• How are you going to tighten accountability so that underperformance is called out, giving this person every chance to change?
  • What is the best time for him to be replaced, both for you and for him?
  • Who do you know who could be a candidate to take over his job?

Start brainstorming options to replace your Wrong Fit, and begin contacting these people to see where they’re at in life.

4. Cut your losses

If you’ve engaged in multiple reality talks and been clear in your warnings and you still don’t see any change happening, it’s time for you to act. Retaining Wrong Fits is not fair to you, to the company, to their co-workers, or to them. Nor is the situation going to correct itself, since you’ve already given your best efforts to warn them and act as their reality advisor and the situation hasn’t improved.

You’ve been chosen as leader and coach to do what’s right for the team, and this is your moment to gain the respect of all your best people. Football coach Lou Holtz said it best: “Motivation is simple. You eliminate those who are not motivated.”

The Cost of a Wrong Fit

Letting a Wrong Fit go is a sad decision—but not a hard one, because there are serious costs and other consequences to keeping one. In fact, studies show that the cost is much higher than you think:

A sales representative can cost up to five times his annual base salary, a manager can cost up to fifteen times his annual base salary, while an executive can cost up to thirty times his annual base salary. Does this seem high to you? What if the true number was half of these statistics? Or a quarter? The expense is still massive.

Think about some of the costs involved, small and large:

  • Running ads
  • Vetting resumes and interviewing candidates
  • Training and orientating
  • Upsetting the team
  • Repelling your current stars or causing them to leave
  • Making mistakes, small and large
  • Missing sales through incompetence
  • Turning off your best customers or losing them during transition
  • Lacking the octane needed to innovate and move things forward
  • Draining your emotional resources and keeping you from focusing on opportunity
  • Paying severance and the ensuing emotional costs in finally letting them go
  • Repeating the cycle

The longer a Wrong Fit stays, the higher these costs mount, and all that time, he’s still there underperforming, and taking a paycheque, too! Companies that have Stars in every key seat are up to 300 percent more profitable than those that don’t.

Dealing with wrong fits is critical to maintaining your culture

One of the biggest costs of letting your Wrong Fits stick around is in the damage this does to your work culture. At the end of the day, a great culture is one where great people who perform well share right attitudes. A bad culture is one where poor performers are tolerated, and allowed to spread their bad attitudes to others.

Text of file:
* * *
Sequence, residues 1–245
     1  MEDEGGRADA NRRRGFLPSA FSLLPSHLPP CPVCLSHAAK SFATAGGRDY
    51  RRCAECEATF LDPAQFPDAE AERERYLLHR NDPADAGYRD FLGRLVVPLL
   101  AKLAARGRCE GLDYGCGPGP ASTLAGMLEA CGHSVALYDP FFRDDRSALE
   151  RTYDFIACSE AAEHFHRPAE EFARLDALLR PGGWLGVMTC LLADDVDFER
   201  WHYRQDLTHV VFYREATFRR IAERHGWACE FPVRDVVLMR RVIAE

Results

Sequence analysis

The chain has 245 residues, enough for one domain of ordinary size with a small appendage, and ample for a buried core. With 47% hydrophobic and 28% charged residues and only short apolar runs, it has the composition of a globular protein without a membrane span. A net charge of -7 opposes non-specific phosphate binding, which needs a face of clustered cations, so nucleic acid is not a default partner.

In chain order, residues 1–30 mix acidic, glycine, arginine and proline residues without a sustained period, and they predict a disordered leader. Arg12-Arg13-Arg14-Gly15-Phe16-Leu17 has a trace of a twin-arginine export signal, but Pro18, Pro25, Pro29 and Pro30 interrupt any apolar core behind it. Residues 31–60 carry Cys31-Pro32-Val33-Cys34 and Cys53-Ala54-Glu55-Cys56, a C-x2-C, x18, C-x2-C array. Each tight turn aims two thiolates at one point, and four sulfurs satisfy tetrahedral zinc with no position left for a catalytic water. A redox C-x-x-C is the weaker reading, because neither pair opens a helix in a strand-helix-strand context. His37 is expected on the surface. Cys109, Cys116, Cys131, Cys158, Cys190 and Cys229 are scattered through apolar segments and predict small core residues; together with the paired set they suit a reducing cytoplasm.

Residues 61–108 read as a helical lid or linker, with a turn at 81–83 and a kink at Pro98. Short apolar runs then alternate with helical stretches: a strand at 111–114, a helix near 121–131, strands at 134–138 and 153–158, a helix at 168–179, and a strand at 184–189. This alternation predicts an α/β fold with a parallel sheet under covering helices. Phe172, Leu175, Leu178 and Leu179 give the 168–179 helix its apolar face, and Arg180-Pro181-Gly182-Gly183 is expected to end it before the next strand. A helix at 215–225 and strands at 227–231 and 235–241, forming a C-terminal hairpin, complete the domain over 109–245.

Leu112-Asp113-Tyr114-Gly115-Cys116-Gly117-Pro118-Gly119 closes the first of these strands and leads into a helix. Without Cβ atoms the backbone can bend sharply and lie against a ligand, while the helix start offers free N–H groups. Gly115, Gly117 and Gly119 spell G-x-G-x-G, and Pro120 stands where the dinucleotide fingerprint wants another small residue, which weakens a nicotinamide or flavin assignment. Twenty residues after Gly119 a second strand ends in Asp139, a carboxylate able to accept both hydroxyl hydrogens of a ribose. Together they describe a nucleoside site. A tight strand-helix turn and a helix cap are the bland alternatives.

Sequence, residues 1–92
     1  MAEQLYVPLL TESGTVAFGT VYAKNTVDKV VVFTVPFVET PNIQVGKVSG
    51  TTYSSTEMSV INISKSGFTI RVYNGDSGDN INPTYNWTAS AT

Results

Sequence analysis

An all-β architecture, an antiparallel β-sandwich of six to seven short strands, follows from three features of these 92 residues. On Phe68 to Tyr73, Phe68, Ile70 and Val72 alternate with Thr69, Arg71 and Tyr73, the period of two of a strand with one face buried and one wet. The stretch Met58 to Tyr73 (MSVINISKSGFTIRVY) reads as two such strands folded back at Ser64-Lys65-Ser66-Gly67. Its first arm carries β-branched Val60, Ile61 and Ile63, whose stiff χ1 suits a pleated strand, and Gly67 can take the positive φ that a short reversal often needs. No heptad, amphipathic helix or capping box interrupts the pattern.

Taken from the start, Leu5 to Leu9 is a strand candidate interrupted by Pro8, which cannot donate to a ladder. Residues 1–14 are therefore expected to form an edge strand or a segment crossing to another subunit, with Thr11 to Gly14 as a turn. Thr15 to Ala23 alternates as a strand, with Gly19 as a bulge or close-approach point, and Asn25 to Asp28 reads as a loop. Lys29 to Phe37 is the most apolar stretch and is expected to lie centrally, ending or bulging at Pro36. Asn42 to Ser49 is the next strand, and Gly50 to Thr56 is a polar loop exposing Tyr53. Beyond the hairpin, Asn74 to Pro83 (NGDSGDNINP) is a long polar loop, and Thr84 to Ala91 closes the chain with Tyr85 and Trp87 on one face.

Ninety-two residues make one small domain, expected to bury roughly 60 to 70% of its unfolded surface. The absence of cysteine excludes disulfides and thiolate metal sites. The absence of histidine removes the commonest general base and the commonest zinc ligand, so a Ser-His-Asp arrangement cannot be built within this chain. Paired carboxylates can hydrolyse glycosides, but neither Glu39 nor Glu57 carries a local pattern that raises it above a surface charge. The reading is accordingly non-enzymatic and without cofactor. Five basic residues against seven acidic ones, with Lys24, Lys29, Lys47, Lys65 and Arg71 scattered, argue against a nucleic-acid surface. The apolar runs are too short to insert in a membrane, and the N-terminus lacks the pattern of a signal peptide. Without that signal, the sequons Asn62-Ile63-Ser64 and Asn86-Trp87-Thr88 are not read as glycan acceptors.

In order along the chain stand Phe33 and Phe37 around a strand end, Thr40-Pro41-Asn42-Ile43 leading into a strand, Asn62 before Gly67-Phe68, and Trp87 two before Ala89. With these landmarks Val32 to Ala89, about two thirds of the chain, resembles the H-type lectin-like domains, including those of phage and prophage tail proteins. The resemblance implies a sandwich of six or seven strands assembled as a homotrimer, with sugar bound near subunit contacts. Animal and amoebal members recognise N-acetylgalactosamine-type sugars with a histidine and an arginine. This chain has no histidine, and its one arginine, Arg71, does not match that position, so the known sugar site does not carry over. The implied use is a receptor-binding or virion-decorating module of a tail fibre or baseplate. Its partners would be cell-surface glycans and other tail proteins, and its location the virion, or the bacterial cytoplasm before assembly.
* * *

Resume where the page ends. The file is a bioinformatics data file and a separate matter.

When great performers work side by side with poor performers, the better workers come to a few conclusions. First, they see that there’s no justice in the world. People can get paid the same as them, have a bad attitude, and underperform at work without consequence. They see the futility of giving their all, because in the end, what does it really matter? Great performance, poor performance; it’s all tolerated. They conclude, perhaps correctly, that management doesn’t really care or notice.

Do you think that poor performers rise up to match the performance of better players around them? If your answer is yes, think again; nine times out of ten it’s the reverse. The Stars see that there’s no justice—that effort and attitude don’t matter—and their attitudes begin to sink.

Eventually some will sag to match the performance of the poorest players, and your best people who have other options will go work for your competitors.

Action steps you can implement immediately

  1. Forget “chain of command” structures. Ask people at every level of the business how they’re doing and if they have any suggestions for company improvement
  2. Benchmark your company’s performance against the best performer in your industry, and ask yourself how their people look different than yours
  3. Write down the name of one person who you need to have a reality discussion with and set the date for it to happen
  4. Develop a multipronged exit strategy for your Wrong Fits.

In Summary

Everyone makes hiring mistakes. Smart companies recognize and act on the problem quickly.  Here are the steps to take before firing an employee:

  1. Warn them
  2. Act as their reality advisor
  3. Strategize about your options
  4. Cut your losses

Wrong fits are very expensive and they damage your culture.  It’s up to you to take action!